Skunk Works and the development of the SR-71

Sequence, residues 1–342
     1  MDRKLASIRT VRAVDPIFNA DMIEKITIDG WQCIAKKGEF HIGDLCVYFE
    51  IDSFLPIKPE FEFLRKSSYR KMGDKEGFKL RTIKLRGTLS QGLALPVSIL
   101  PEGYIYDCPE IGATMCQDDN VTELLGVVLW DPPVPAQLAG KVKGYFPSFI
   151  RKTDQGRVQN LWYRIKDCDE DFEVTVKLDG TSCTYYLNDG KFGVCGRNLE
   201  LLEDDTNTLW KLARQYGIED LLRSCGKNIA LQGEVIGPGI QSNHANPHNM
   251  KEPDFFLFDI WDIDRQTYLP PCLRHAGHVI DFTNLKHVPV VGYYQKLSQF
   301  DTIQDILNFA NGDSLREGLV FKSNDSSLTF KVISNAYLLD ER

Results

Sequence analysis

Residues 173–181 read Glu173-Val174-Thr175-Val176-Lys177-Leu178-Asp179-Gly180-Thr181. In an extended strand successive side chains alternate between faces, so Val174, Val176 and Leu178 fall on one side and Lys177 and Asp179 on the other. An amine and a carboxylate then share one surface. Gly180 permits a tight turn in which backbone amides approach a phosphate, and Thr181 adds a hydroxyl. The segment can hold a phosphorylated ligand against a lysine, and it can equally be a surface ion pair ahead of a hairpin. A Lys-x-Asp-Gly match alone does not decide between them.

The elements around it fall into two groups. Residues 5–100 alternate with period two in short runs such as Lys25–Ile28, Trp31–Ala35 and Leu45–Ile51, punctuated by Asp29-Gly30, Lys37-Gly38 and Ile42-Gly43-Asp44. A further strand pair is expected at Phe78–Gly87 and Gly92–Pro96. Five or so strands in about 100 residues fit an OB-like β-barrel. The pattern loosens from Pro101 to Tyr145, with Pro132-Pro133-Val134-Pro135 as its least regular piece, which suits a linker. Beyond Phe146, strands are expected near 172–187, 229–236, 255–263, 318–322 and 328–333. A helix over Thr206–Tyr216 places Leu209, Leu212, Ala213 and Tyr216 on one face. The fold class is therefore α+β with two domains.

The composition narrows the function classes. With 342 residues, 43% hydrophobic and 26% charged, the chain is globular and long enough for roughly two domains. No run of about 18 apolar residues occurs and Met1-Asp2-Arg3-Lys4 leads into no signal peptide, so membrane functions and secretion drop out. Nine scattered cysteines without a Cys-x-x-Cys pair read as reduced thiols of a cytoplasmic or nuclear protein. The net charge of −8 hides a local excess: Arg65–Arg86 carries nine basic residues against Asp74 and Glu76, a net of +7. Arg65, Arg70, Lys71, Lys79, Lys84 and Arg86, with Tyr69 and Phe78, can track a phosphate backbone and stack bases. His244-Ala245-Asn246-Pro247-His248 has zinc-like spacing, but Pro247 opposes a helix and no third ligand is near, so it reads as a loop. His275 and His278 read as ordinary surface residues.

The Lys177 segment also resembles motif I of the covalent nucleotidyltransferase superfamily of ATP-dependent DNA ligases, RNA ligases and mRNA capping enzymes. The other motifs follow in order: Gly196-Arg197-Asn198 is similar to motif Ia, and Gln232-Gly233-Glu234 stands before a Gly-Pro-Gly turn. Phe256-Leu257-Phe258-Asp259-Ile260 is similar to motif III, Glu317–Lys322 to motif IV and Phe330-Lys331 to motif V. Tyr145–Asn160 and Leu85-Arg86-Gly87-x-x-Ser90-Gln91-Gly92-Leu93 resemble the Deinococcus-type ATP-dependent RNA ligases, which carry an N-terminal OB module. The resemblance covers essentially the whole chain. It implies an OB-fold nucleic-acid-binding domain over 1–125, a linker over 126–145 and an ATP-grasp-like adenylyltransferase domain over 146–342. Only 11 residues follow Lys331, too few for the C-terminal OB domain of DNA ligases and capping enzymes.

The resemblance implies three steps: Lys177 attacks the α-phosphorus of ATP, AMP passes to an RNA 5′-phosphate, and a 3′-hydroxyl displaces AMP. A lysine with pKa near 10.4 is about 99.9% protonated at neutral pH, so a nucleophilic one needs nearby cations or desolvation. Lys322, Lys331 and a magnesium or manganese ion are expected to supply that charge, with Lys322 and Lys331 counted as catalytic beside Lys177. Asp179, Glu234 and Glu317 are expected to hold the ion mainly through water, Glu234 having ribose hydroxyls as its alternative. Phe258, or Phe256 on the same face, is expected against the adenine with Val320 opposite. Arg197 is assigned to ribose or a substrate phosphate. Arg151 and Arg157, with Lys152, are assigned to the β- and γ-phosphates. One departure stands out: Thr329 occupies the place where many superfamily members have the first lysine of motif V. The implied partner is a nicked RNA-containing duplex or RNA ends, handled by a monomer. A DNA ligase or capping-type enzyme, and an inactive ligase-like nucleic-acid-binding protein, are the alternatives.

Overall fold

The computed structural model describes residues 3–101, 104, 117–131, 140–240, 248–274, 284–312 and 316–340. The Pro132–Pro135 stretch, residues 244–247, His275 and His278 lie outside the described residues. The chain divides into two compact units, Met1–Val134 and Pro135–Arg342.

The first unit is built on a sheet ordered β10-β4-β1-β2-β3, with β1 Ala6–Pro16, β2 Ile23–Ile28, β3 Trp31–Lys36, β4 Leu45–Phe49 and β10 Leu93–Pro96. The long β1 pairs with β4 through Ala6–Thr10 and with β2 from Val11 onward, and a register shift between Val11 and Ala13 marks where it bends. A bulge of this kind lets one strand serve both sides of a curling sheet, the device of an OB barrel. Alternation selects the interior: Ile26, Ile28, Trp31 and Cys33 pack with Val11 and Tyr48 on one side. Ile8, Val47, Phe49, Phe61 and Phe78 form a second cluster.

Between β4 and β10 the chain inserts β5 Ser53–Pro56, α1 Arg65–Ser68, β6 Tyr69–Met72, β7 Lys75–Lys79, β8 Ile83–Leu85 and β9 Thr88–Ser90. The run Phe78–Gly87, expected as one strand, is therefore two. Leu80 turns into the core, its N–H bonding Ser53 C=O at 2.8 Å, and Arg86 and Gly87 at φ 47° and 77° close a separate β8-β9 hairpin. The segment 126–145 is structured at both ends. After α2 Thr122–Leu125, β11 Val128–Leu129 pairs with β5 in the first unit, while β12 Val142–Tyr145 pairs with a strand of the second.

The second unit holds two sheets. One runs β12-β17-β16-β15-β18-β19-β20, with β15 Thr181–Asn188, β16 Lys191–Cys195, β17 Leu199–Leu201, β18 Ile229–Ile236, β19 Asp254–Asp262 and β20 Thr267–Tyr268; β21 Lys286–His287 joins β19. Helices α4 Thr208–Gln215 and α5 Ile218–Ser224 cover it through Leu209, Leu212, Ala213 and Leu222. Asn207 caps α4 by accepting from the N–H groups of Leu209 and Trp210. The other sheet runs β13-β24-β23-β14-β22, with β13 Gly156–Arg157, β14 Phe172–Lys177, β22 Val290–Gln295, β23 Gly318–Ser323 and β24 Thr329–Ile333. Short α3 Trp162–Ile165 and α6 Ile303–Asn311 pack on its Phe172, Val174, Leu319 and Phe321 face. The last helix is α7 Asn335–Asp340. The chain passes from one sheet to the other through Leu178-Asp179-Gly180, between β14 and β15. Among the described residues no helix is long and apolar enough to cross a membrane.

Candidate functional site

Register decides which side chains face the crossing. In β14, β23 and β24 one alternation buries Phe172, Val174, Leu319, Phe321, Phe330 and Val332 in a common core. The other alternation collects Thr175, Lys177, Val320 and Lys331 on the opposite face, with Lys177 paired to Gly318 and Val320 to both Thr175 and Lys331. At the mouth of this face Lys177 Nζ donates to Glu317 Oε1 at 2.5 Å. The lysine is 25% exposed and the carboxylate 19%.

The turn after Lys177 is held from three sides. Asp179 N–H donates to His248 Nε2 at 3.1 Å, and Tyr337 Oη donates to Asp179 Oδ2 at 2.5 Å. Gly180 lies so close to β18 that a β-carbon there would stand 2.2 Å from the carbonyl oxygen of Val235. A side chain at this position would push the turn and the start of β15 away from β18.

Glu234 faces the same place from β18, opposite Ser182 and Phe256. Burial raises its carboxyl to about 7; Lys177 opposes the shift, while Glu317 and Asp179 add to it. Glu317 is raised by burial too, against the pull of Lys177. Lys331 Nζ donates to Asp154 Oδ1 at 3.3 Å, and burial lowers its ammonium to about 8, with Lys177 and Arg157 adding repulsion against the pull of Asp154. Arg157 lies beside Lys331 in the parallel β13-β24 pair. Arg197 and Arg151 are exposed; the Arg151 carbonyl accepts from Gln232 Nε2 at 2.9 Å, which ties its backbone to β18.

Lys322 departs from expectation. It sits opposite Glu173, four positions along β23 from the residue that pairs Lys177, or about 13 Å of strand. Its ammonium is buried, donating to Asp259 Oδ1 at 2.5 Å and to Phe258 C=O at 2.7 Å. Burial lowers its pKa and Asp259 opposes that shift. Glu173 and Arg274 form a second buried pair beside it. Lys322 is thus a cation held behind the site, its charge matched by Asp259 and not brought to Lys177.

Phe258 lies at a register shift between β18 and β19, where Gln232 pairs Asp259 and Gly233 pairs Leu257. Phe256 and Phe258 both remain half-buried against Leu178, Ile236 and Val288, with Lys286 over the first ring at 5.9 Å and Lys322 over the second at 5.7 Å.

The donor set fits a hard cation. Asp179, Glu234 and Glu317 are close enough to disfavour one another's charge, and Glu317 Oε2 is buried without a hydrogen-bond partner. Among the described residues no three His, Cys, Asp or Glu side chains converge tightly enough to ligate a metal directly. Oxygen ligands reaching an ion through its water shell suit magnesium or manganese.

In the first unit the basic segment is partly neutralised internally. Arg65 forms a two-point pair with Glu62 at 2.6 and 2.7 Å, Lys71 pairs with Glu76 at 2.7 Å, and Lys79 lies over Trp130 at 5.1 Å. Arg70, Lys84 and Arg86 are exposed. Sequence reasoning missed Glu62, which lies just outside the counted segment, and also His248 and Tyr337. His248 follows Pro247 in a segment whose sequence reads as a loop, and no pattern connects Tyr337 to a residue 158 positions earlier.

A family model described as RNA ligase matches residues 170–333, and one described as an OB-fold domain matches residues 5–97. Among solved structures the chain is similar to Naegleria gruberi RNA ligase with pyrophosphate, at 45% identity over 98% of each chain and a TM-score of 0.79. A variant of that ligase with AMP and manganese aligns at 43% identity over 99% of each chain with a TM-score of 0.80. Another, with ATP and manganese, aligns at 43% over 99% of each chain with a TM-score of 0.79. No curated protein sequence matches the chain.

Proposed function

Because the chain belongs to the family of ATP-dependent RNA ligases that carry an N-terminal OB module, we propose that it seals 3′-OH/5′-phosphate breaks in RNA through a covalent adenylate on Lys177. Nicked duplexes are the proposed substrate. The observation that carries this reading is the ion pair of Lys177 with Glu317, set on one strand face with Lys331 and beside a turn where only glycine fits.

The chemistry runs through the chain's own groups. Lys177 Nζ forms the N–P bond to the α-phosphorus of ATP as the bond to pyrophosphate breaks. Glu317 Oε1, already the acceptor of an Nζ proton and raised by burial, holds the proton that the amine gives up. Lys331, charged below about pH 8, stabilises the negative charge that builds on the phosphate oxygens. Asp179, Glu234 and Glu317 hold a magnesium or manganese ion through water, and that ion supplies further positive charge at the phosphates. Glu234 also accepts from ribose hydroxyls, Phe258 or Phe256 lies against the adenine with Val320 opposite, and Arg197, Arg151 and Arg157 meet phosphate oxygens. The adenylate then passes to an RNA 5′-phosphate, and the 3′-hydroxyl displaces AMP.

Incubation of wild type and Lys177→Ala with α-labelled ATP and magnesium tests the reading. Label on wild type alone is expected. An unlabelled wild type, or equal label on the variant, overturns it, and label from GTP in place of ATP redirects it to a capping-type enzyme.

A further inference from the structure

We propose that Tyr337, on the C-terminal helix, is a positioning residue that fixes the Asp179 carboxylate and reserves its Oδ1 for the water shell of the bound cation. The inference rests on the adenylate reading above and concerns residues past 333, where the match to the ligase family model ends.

Skunk Works, is the "not so secret, secret" department of Lockheed Martin.It all Started with Kelly Johnson, and his passion for innovation and destructive technology. Johnson was unconventional, and he broke the rules. He created a incubator for aerospace technology that today some 75 years later still continues to amaze us all. Here is a little history about a famous project called the SR-71. Skunk Works is run by some of the greatest aeronautical engineers, and it was the birthplace of innovative aircraft projects for the U.S. Air Force and CIA. One of those projects was the SR-71 “Blackbird” long range reconnaissance aircraft. Famous for its distinctive shape, the Blackbird still holds the record for the highest speed and the highest flying altitude of an operational manned aircraft. The SR-71 had a unit cost of 18M, or roughly 154M in 2018 dollars. The SR-71 was a modded version of the earlier Lockheed A-12, a reconnaissance plane made in the early 1960’s that replaced the U-2 spy plane. During the Cold War, both SR-71s and A-12s were important tools for the CIA’s effort to obtain important Intel from rival countries. The value of these aircraft was huge as their performance made them impossible to intercept in air or shoot down from the ground. The SR-71 flew until the end of 1960’s, the A-12’s until the end of Cold War. In the shadow of these two projects, however, was a top-secret Skunk Works project: the largest ever interceptor made on the same platform as the “Blackbird;” the YF-12. In 1950’s air defense doctrine, fast interceptor aircraft were used to fight off potential Soviet bomber attacks. Despite the significance of their role in the defense system, interceptor development was slow. An entire generation of interceptors from the 1950’s became obsolete once the Soviets started to build supersonic tactical bombers. An attempt was made to build the F-108 Rapier, an interceptor that could match the Soviet threat, but it was literally scrapped. Air Defense Command needed to build an interceptor fast enough to ward off the Soviet bombers, one capable of intercepting the threat before it could reach the United States. The answer to that problem was given by the chief of the Skunk Works, Clarence Leonard “Kelly” Johnson. What Johnson proposed to the Air Force was a redesign of the A-12, adding missiles and a radar-guided firing system. The result would be an interceptor that could exceed Mach 3 speed and have greater locating capabilities than any previous interceptors. Johnson believed that a fleet of 93 such aircraft would be sufficient to protect North America from most expected Soviet threats. The proposed design would not only be better, but also be a giant leap forward in the development of interceptor aircraft. The first YF-12A flew on 7 August 1963. President Lyndon B. Johnson announced the existence of the aircraft on 24 February 1964. The YF-12A was announced in part to continue hiding the A-12, its still-secret ancestor; any sightings of CIA/Air Force A-12s based at Area 51 in Nevada could be attributed to the well-publicized Air Force YF-12As based at Edwards Air Force Base in California. On 14 May 1965, the Air Force placed a production order for 93 F-12Bs for its Air DefenseCommand (ADC). However, Secretary of Defense Robert McNamara would not release the funding for three consecutive years due to Vietnam War costs.Updated intelligence placed a lower priority on defense of the continental US, so the F-12B was deemed no longer needed. Then in January 1968, the F-12B program was officially ended. Only three YF's were built and the F-12B was scrapped.